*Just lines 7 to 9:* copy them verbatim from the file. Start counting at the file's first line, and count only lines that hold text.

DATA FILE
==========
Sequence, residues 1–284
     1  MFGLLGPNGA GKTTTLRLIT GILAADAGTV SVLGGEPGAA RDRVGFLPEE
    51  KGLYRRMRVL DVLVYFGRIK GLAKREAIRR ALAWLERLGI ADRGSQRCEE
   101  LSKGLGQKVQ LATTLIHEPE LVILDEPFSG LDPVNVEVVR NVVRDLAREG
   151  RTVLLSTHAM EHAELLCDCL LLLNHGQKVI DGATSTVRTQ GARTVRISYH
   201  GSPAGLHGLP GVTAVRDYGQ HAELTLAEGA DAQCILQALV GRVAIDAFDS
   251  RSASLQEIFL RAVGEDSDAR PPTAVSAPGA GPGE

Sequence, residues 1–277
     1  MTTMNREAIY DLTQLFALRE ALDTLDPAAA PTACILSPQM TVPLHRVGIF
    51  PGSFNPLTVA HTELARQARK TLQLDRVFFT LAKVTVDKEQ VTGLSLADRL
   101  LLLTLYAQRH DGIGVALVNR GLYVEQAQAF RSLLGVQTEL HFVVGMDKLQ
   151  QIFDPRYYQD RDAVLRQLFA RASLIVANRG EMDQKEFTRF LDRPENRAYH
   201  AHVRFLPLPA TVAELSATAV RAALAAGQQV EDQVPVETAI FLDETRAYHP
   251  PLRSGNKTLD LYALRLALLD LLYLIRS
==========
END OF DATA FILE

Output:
   251  RSASLQEIFL RAVGEDSDAR PPTAVSAPGA GPGE

Sequence, residues 1–277
     1  MTTMNREAIY DLTQLFALRE ALDTLDPAAA PTACILSPQM TVPLHRVGIF